To stay one step ahead of would-be counterfeiters, the Bank of Canada is always adding security features to Canadian banknotes. The change to polymer banknotes has opened up a wider range of possibilities, but one secret feature is hidden in plain sight.
Next time you open up your wallet, take a look for the maple leaf window. It has a clear border surrounding a frosted leaf. It turns out that leaf contains a hidden hologram of the denomination in a special material called a diffraction grating.
As science presenter Steve Mould explains in the video below, it’s easy to reveal the hologram using a laser light, or really any point of light. And now is a great time to check it out using holiday lights around your house or your neighbourhood.
Canadian banknotes contain a hidden hologram, revealed by any point source of light
Video courtesy of Steve Mould
This is definitely one to try at home! And to share with friends as a neat party trick. And don’t worry if you don’t have a laser pointer – if you look through the frosted window at any point source of light, you’ll see lines that radiate out of the light like the spokes of a snowflake, and it will read the denomination of the banknote (eg. $ 2 0 on a $20 bill).
I’ve been trying this all week, and almost any light will work, as long as it looks like a point of light. Multi-coloured holiday lights work really well to see how the hologram changes size with different colours (wavelengths) of light, but you can also try white lights to see the hologram halo in rainbow. Some other options for light sources include: your cell phone light; street lights and traffic lights; even the moon! If you find other sources that work, feel free to share them and any other observations, in the comments.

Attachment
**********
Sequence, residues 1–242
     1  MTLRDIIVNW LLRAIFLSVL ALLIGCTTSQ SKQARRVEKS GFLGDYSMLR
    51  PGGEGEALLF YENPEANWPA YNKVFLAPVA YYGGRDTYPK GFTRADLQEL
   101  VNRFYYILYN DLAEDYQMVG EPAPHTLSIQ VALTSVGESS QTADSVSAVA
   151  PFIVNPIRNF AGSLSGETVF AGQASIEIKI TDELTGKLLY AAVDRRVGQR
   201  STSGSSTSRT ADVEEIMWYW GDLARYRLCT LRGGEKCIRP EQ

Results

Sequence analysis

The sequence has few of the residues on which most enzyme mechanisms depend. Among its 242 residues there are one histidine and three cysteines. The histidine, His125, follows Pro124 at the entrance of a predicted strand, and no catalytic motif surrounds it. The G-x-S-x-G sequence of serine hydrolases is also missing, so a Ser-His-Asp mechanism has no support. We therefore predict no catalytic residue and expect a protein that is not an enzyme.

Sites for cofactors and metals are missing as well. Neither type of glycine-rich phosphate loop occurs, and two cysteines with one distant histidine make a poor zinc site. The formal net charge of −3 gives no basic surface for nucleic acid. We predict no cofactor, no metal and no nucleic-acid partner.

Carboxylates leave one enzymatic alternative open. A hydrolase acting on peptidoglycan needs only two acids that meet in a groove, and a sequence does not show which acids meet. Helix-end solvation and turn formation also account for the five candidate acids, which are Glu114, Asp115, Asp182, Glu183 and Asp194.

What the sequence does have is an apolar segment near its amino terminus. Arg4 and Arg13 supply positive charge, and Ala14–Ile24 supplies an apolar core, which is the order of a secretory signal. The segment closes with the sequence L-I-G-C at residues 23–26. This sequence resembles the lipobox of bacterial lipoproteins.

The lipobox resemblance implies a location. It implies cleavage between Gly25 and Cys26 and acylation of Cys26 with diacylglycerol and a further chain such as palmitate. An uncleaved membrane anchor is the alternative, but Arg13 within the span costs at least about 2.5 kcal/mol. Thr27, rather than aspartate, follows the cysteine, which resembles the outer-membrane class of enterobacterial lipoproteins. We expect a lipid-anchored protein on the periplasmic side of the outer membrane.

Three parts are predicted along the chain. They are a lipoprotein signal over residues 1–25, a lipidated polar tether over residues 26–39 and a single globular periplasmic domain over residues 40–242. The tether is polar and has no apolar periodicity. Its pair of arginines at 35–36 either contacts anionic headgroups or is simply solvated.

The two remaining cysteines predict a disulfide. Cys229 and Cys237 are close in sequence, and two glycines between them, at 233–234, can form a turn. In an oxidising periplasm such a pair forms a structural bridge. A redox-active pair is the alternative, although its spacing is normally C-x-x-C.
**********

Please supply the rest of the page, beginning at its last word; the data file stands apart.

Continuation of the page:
Of course, there is fun science at work here. Diffraction gratings demonstrate one of the basic principles of quantum mechanics: the wave nature of light.
Simply put, diffraction gratings are an array of slits that split up light into many directions, recombining into a different pattern on the other side. This is called interference, and it demonstrates that light behaves as a wave because the peaks and valleys of the wave can add up to boost one another, or to cancel one another out, leaving patterns of bright and dark areas that are distinct from the original pattern of slits.
If you’re interested in a deep dive, the video below from Khan Academy explains this visually.
Diffraction gratings demonstrate the wave nature of light
Video courtesy of Khan Academy
Want to try some more quantum experiments at home? Check out our blog post on electromagnetism and quantum levitation.